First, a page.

Federal Judge in New York Holds Embedded Tweet Violates Copyright of Tweeter

A US District Judge for the Southern District of New York ruled on February 15 that embedding someone else’s tweet on a website violates the tweeter’s copyright to exclusive display of the tweet. In that case, Goldman v. Breitbart News Network LLC, photographer Justin Goldman sued Breitbart News over its use of a candid photograph he took and tweeted. Breitbart News had embedded Goldman’s tweet (which included the photograph) alongside articles they had written about Brady. Goldman claimed that the use violated his copyright in the photo.

While the court agreed that Breitbart News’s actions violated Goldman’s exclusive display right, it acknowledged that the defendant news organization could still raise a number of defenses, including fair use. Fair use is an affirmative defense to copyright infringement, and under the fair use doctrine, limited use of copyrighted material is permissible without having to first acquire permission from the copyright holder. The likely reason the court did not consider fair use in this particular instances is that the defendant did not raise the defense in its pleadings, as one must do for affirmative defenses.

Twitter’s Terms of Service provide, in relevant part:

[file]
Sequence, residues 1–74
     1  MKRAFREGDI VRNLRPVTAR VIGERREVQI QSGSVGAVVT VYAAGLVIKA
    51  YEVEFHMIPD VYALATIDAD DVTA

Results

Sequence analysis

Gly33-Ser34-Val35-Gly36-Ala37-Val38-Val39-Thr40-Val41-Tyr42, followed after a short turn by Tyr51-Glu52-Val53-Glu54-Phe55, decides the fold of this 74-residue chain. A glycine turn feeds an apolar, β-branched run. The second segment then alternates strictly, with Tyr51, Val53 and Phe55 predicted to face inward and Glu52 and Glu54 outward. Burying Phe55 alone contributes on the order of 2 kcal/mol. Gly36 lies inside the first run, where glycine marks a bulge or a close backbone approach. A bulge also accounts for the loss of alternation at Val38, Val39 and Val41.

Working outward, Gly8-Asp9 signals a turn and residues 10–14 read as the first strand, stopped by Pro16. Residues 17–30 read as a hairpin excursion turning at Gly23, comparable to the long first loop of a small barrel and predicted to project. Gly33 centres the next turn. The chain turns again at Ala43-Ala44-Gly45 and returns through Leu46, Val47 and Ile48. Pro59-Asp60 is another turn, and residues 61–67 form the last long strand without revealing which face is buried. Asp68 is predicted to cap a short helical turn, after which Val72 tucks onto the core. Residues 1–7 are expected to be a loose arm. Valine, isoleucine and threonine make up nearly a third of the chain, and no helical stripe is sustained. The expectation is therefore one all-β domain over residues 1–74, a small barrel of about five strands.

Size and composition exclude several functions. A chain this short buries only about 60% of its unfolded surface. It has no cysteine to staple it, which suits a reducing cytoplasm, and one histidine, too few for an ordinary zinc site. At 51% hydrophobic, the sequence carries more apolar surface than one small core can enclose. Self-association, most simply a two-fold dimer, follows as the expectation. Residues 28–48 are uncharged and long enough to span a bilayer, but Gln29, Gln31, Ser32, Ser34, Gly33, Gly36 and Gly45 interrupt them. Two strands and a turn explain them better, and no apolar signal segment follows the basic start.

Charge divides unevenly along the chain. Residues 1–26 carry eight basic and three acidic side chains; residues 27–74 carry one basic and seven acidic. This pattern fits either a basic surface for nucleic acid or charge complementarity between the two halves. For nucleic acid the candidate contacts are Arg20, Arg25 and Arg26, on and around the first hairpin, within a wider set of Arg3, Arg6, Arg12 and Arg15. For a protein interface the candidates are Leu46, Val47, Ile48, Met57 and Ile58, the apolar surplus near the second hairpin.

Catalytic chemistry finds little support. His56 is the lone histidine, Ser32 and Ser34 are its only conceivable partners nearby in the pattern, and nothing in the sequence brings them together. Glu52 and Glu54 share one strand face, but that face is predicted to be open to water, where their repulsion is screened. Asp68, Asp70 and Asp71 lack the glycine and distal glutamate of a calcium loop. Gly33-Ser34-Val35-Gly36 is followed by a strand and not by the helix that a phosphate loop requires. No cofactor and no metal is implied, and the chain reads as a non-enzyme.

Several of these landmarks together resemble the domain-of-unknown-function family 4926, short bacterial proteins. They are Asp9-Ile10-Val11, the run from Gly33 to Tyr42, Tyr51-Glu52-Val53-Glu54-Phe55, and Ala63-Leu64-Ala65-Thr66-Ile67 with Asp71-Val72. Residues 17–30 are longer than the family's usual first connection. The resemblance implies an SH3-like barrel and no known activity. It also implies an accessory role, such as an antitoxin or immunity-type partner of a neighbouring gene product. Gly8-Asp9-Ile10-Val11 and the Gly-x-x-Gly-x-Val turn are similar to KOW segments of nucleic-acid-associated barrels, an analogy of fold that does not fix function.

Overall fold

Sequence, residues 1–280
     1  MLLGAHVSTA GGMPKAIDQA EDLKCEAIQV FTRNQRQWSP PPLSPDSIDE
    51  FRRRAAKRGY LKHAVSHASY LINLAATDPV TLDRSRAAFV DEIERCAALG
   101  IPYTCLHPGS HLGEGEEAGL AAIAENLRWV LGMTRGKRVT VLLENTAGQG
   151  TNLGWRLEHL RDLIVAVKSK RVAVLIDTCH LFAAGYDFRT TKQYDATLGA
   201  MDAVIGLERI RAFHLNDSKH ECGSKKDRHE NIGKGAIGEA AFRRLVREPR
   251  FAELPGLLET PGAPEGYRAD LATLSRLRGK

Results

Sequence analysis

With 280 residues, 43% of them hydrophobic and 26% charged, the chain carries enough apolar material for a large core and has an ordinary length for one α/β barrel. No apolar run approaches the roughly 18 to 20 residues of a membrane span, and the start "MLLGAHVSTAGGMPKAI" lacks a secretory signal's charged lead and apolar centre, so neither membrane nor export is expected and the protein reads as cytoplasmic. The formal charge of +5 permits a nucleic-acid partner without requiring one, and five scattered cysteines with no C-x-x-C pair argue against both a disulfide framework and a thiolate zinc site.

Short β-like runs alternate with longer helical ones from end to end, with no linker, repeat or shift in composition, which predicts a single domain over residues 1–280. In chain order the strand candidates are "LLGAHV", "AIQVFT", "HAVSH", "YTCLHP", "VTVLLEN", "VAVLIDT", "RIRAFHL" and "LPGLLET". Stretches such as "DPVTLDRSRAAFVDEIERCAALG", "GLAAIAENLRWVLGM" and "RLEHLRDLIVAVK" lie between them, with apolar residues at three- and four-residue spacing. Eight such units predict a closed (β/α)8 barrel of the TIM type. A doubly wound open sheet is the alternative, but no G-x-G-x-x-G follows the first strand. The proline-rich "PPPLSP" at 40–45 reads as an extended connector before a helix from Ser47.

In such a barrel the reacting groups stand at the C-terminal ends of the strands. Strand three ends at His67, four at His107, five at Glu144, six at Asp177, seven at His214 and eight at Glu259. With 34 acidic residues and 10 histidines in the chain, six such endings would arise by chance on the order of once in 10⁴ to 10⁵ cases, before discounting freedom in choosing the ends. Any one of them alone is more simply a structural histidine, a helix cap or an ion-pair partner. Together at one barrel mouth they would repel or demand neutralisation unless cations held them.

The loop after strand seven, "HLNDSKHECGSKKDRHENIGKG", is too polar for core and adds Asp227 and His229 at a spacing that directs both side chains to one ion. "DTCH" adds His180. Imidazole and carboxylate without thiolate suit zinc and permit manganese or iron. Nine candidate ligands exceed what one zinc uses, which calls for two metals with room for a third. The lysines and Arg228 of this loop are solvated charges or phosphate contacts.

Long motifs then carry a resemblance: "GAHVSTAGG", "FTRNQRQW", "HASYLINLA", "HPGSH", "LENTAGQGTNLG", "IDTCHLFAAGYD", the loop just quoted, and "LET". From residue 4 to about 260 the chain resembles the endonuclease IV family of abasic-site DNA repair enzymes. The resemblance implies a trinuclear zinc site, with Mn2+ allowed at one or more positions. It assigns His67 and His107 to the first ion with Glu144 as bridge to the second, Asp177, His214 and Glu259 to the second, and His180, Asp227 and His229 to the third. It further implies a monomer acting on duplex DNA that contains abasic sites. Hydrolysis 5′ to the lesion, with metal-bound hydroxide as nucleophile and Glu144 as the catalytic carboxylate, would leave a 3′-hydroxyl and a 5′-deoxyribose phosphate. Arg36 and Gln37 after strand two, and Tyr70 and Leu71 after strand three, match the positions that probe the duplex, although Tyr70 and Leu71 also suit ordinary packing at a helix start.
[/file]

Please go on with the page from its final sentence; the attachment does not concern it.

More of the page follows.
You retain your rights to any Content you submit, post or display on or through the Services. What’s yours is yours — you own your Content (and your photos and videos are part of the Content).

By submitting, posting or displaying Content on or through the Services, you grant us a worldwide, non-exclusive, royalty-free license (with the right to sublicense) to use, copy, reproduce, process, adapt, modify, publish, transmit, display and distribute such Content in any and all media or distribution methods (now known or later developed). This license authorizes us to make your Content available to the rest of the world and to let others do the same. You agree that this license includes the right for Twitter to provide, promote, and improve the Services and to make Content submitted to or through the Services available to other companies, organizations or individuals for the syndication, broadcast, distribution, promotion or publication of such Content on other media and services, subject to our terms and conditions for such Content use. Such additional uses by Twitter, or other companies, organizations or individuals, may be made with no compensation paid to you with respect to the Content that you submit, post, transmit or otherwise make available through the Services. (Emphasis added.)

The district court’s ruling appears to be at odds with the ownership and licensing status described in these Terms, so it remains to be seen whether the district court’s ruling will be overturned on appeal (assuming the judgment is appealed).

Additional Reading:

Embedding tweets with photos can violate copyright, federal judge rules, ABA Journal, February 20, 2018

Image credit: Natee Meepian / Shutterstock.com